Does God want me to be happy or holy? It’s a common question, and Josh, a listener, writes in to ask: “Pastor John, my pastor, who knows and loves the gospel, chose this as the main point of a recent sermon: ‘God desires our obedience more than our happiness.’ Now, to me, this feels very much like law and not gospel. He did explain this as trusting him and obeying him even in hardships, but doesn’t the gospel do more? Doesn’t it give us happiness IN obeying him?”
I remember 40 years ago when I was teaching at Bethel College that I had two colleagues, Art Lewis and Al Glen. I don’t think they would mind my saying this.
They had a friendly controversy going on. They would pass each other in the hall. I watched this happen several times and laugh. They would pass each other in the hall and one — I won’t even say which one said which — one said to the other, “Love Jesus.” And the other would say back, “Obey Jesus.” And they really did have a little controversy about where the note should be struck.
And my guess is that all of us need some correcting from time to time. I fear that sometimes. You know, I can get on a roll with a truth that I love and talk about it for weeks and weeks and realize, there are some things that are going unsaid that need to be said or what I am saying is going to get bent out of shape.
So I would want to be very careful before I passed any judgment on this pastor for the sentence, “God desires our obedience more than our happiness.” My first agenda would be, as people might guess, “What do you mean by happiness?” Because my guess is he means something that probably would mean I would agree with him.
So, for example, what if he means that God desires you to deny yourself that pornography more than he desires you to have the pleasure you will get from looking at it? And if that is what he means, I agree with him. Or what if he means that God desires you to stay in that conflicted marriage more than he desires for you to enjoy the relief you would feel after you get a divorce? If that is what he means, I would agree with him. Or what if he means that God desires you to get up off the couch and play with your children when you are tired more than he desires for you to have the pleasure of resting while you neglect your children? And if that is what he means when he says God desires your obedience more than your happiness, I agree with him.
So I must be careful and we must all be careful not to jump to judgment without defining terms. But I do totally empathize with Josh’s concern, if that is the only way his pastor talks about happiness in relation to obedience. If he does only talk like that, he is going to create a biblically false picture of the gospel and of the Christian life. Just this morning I was studying John 17 in my personal devotions and I read this. Jesus said, “These things I speak in the world that they may have my joy fulfilled in themselves. I have given them your word and the world hated them, because they are not of the world” (v. 13–14).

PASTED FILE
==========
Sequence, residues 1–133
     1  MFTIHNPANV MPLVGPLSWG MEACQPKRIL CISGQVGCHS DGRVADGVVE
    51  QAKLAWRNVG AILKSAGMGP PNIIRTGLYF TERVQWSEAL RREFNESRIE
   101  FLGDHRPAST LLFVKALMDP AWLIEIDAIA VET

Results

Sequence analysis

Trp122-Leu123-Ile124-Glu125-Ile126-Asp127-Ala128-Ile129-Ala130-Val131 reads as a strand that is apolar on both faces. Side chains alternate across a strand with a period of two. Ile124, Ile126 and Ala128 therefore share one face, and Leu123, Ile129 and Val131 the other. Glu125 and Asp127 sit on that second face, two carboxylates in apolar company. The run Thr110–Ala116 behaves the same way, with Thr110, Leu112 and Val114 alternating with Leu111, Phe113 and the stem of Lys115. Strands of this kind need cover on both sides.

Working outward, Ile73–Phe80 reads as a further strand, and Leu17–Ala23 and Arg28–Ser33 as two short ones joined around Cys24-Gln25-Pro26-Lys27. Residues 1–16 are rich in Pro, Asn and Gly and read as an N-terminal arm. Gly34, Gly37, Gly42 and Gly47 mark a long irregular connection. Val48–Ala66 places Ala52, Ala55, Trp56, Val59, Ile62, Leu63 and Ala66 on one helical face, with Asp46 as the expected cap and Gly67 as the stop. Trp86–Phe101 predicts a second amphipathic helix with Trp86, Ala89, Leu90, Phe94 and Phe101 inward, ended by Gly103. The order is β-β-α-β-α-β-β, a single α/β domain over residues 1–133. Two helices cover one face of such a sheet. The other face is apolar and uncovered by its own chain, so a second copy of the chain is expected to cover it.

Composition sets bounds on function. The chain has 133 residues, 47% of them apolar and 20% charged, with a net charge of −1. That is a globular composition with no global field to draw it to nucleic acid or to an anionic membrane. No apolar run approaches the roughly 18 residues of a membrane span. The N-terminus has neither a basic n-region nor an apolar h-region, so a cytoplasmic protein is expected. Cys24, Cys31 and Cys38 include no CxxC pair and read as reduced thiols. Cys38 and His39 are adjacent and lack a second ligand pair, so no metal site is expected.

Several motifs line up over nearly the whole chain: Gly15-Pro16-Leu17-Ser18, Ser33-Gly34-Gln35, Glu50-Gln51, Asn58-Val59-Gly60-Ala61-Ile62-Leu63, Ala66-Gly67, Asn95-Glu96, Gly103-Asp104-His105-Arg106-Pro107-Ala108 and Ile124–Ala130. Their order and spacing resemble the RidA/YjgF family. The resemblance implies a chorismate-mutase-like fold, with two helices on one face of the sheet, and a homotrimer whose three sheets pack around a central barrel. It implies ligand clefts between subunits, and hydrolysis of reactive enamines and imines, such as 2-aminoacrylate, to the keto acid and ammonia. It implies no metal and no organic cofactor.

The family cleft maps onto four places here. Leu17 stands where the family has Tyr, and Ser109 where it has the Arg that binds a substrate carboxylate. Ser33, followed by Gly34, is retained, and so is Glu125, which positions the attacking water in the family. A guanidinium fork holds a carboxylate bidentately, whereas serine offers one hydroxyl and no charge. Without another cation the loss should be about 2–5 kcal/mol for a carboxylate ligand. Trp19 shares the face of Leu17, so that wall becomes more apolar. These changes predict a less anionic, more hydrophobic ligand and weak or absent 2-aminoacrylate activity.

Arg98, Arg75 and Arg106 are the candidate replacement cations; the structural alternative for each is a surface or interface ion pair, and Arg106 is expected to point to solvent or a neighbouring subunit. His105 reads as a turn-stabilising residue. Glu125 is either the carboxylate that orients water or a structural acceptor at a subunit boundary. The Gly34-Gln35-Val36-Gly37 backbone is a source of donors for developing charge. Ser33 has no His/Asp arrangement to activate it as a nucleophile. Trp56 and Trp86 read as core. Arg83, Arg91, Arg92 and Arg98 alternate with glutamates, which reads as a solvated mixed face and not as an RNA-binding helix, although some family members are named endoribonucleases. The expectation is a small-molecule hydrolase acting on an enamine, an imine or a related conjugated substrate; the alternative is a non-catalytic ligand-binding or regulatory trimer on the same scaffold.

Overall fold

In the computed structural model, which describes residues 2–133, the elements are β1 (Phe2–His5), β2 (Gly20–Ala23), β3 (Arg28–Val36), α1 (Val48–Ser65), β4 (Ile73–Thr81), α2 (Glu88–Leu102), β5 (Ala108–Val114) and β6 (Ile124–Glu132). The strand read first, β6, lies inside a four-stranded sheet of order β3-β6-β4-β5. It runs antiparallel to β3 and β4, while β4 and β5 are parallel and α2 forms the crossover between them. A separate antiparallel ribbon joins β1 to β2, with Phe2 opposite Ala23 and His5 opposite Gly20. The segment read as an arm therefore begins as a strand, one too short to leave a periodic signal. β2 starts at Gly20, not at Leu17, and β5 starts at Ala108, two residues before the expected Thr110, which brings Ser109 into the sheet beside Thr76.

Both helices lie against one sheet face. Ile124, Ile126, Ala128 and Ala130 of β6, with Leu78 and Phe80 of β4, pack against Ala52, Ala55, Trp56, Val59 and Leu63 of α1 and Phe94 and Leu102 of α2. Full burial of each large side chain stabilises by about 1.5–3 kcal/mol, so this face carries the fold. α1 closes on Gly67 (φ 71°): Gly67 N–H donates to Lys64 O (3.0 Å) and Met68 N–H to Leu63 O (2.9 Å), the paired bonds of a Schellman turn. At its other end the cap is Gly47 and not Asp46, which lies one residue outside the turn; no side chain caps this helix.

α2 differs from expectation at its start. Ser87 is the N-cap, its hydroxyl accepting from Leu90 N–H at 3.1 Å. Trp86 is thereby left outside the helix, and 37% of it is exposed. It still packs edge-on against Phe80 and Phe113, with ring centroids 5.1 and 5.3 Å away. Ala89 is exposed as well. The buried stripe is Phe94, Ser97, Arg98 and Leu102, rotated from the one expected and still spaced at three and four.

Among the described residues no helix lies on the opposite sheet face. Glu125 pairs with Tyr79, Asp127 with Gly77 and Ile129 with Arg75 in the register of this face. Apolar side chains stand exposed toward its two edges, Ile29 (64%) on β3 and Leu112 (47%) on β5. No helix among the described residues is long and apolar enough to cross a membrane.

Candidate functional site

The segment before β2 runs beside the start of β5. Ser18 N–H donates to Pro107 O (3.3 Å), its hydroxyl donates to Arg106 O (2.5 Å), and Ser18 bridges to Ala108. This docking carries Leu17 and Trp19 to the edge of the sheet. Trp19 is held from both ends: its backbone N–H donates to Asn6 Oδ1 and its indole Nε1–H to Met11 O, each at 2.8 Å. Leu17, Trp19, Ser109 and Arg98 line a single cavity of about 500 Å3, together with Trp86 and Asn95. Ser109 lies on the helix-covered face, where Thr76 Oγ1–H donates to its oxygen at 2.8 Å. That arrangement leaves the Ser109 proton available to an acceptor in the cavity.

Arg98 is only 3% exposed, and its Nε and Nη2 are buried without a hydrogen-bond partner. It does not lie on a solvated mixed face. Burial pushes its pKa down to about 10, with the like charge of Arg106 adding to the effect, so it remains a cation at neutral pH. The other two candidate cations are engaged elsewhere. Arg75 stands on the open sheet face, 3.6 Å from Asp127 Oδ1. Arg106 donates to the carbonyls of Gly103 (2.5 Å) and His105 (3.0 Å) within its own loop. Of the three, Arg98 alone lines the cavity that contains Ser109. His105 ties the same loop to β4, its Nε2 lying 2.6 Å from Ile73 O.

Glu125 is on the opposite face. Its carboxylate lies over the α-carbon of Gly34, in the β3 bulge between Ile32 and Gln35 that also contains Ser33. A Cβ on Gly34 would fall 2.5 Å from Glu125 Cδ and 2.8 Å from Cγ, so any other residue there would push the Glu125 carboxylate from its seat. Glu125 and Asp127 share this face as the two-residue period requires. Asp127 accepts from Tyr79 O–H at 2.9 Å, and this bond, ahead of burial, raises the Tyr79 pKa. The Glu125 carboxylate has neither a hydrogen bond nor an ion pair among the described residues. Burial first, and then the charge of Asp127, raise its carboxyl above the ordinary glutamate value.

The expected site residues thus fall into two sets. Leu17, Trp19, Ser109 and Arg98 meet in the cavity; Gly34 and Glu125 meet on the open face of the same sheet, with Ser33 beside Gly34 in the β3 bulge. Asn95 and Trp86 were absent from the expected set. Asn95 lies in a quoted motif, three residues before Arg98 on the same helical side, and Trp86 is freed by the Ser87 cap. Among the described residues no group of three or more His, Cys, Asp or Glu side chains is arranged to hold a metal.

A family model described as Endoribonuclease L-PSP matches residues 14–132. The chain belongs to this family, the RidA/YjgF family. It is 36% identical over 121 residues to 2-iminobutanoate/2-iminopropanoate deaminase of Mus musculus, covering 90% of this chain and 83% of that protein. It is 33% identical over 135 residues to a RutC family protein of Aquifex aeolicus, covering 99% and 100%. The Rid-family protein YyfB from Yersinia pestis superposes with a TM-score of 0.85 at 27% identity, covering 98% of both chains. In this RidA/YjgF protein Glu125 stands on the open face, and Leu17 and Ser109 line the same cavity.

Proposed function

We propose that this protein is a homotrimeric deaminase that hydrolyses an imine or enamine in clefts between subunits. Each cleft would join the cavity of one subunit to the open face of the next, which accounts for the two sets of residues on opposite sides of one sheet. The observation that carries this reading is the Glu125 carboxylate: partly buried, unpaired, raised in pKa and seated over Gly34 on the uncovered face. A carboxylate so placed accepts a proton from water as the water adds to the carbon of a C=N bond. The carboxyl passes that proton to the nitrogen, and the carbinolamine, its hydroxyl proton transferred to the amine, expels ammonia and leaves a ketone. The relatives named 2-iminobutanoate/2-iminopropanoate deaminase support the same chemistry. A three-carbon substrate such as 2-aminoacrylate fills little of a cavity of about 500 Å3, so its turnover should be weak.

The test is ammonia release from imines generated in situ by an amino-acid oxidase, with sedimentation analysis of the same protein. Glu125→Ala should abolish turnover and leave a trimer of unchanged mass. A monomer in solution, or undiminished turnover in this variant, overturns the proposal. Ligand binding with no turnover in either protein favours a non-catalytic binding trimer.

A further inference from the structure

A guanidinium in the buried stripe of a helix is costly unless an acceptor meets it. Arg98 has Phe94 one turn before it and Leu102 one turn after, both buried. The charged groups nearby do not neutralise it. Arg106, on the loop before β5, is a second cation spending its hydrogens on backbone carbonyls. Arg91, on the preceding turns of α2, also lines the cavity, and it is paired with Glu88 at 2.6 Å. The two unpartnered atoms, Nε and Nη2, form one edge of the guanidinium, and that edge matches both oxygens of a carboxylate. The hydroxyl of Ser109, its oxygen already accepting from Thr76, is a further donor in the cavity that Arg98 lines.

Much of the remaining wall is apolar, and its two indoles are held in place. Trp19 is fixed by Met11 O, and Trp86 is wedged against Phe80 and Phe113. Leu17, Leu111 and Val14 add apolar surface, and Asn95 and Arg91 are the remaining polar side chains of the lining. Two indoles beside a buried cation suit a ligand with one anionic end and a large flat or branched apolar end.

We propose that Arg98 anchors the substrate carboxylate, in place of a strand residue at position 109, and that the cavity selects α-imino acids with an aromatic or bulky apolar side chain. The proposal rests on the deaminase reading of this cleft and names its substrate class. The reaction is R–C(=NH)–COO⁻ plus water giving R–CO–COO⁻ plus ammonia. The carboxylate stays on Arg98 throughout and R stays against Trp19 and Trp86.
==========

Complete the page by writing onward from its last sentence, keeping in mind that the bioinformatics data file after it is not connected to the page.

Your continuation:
So, “I speak to you and great joy fills you.” Then, “I speak to you and great hatred comes against you” — in two sentences back to back. In other words, Jesus intends for us in the very acts of obedience that bring down the hatred of the world to be happy — to be fully happy in him — that his joy would rule in our hearts. And I know that many people use the word joy and happiness as different experiences: Happiness is superficial and based on circumstances, while joy is deep and based on Jesus.
And, of course, there is such a thing as superficial happiness and there is such a thing as deep and unshakable joy, but that distinction in the words themselves won’t hold up in the Bible. The Bible doesn’t have a word for superficial happiness and non-superficial joy. They all flow into each other. All the words for joy and happiness and gladness and rejoicing and pleasure and delight, they are all used both ways in the Bible. They are used superficially and they are used deeply. You can’t carve it up that way. We must simply make clear at every point, what does the Bible mean and what do we mean in our preaching.
The main reason I don’t like the sentence, “God desires our obedience more than our happiness,” is that God commands us to be happy and, therefore, obedience to that command is happiness and can’t be the opposite of happiness. It is a category confusion to juxtapose and oppose happiness and obedience when happiness is commanded. When happiness is commanded, happiness is obedience.
So the Bible says, “Delight yourself in the Lord” (Psalm 37:4). The Bible says, “Be glad in the Lord” (Psalm 32:11). The Bible says, “Rejoice in the Lord” (Philippians 3:1). The Bible says, “Rejoice always” (1 Thessalonians 5:16). The Bible says, “Do your acts of mercy with cheerfulness” (Romans 12:8). The Bible says, “Serve the Lord with gladness” (Psalm 100:2). So it can be very misleading at best to say God desires your obedience more than your happiness, because obedience to these commands is happiness.